Monday, November 23, 2020

1962 Seattle Fun In 2020 With Spencer Jack & Jason

Email arrived Sunday night from Spencer Jack and his paternal parental unit, my Favorite Nephew Jason.

The only text in the email was the subject line of...

"1962 Fun in 2020"

1962 was the year Elvis came to Washington to the Seattle World's Fair. If I remember correctly President Kennedy pushed a button in Washington, D.C. which somehow opened the big event in the west coast version of Washington.

I do not remember if President Kennedy and Jackie got around to visiting the Seattle World's Fair. I do remember that, towards the end of the World's Fair, JFK was preoccupied with this thing which came to be known as the Cuban Missile Crisis.

The Seattle World's Fair dated its origins in the 1950s when the idea was floated of having a 50th anniversary of the Alaska-Yukon-Pacific Exposition, which if memory serves took place in the location of what is now the University of Washington.

By the late 1950s the Space Race was underway with the Soviet Union. Boeing had become part of that race, and Boeing was based in Seattle, which was why Seattle had become known as an aerospace city.

So, something themed to the future was decided needed to be the theme for the Seattle World's Fair, and so, as such, the Seattle Century 21 Exposition was born.

Two of Seattle's movers and shakers, Victor Steinbrueck and John Graham, Jr., who helped bring the Seattle World's Fair to fruition, were discussing the Century 21 World of Tomorrow theme whilst in a Seattle restaurant waiting for the waiter to bring them dinner. One of the pair began to sketch, on a napkin, what he thought might be a good idea for the World Fair's centerpiece. And thus the Space Needle was born.

Seattle actualized the 1962 Century 21 Seattle World's Fair in a very short time frame. It became one of the few such fairs ever to be financially successful.

I think it is having this type thing in my personal memory bank why I am so astounded by how another town in America, Fort Worth, can't seem to get anything done in a timely fashion. What are we in now, year seven, of trying to build three simple little bridges over dry land to connect the Fort Worth mainland to an imaginary island? 

Years of puzzling over what was wrong with Fort Worth which rendered it so backwards compared to other American cities, like even its neighbor Dallas, I sort of figured out the town's problems come from being run by what is known as the Fort Worth Way. And thus the town lacks visionary leaders like the aforementioned Victor Steinbrueck and John Graham, Jr. and instead has leaders like Betsy Price and Kay Granger, and others, and so the town ends up with ridiculous embarrassments like the Trinity River Vision Boondoggle, Santa Fe Rail Market, streets without sidewalks, parks without modern facilities, and other embarrassments.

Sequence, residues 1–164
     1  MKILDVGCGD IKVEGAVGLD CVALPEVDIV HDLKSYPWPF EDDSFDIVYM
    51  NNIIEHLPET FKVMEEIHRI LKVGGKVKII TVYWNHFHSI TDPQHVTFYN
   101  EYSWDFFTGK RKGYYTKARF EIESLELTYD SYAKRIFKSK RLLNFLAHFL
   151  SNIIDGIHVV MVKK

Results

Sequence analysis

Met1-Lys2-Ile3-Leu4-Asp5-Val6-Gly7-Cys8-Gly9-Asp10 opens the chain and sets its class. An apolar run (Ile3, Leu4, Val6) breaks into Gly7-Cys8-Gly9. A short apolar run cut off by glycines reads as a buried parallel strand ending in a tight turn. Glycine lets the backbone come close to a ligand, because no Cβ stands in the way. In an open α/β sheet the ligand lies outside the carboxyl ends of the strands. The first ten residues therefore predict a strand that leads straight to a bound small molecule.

I do not remember how the funding for the Seattle World's Fair came about. Was there a bond issue election? Someone had to have paid for all that stuff that was constructed, much of which remains in use to this day.

Such as the Space Needle, which is what you see Jason and Spencer Jack masked in at the top photo.  

A couple years ago more money was spent renovating the Space Needle than what was spent building it originally. The renovation included adding a glass floor at the observation deck level, which is what you see Spencer Jack sitting on above.

It is making me feel nostalgic about the swift passage of time, seeing these photos. I think the last time I ever rode the elevator to the top of the Space Needle was with Jason and his little brother, my Favorite Nephew Joey. Joey was four or five at that point in time, which would have made Jason seven or eight. Back then it cost about $4 to ride to the top of the Needle. Now it costs closer to $30.

The summer before I moved to Texas, Jason and Joey took me to Las Vegas. The highlight of that trip was getting stuck at the top of the Vegas Space Needle knockoff known as the Stratosphere Tower. Power went out, the elevators rendered dead, no air conditioning, with the temperature way over 100. We were stranded for several hours. It turned out to be one of the most fun Nephews in Danger episodes I ever had with those two.

So, that last time at the top of the Space Needle, we were barely up there when Jason sees the Monorail leaving the Seattle Center station. He asks, "Can we go ride the Monorail now?" "But we just got to the top of the Needle, can we at least walk all the way around first?" asked I.

15 minutes later we were aboard the Monorail heading to Westlake Center. Jason insisting on being at the front of the train, so that is where he headed us, and then he proceeded to lay down on the seat. "But, I thought you wanted to ride the Monorail," I asked. "Oh, I've been on this a million times." was the memorable reply.

Jason had two obsessions when he was a kid. One was the Seattle Monorail. The other was the Washington State Ferry system. Jason built models of each, including the entire fleet of Washington ferry boats.

So, of course, after checking out the renovated Space Needle, Jason next took Spencer Jack to ride the Monorail.

The Monorail does not look much changed since I last saw it. well, the station for sure, but that may be a new train.

And here we see Spencer Jack aboard the Monorail, likely at the front, behind the pilot.

I wish Spencer Jack would drive his dad through the new tunnel under downtown Seattle and take photos or video. I have yet to see any photos of that tunnel in action.

That $4 billion tunnel and waterfront rebuild project began about the same time Fort Worth had a big TNT exploding ceremony to mark the start of construction of those aforementioned three simple bridges stuck in slow motion construction mode.

How can these two towns be in the same country? Perplexing...

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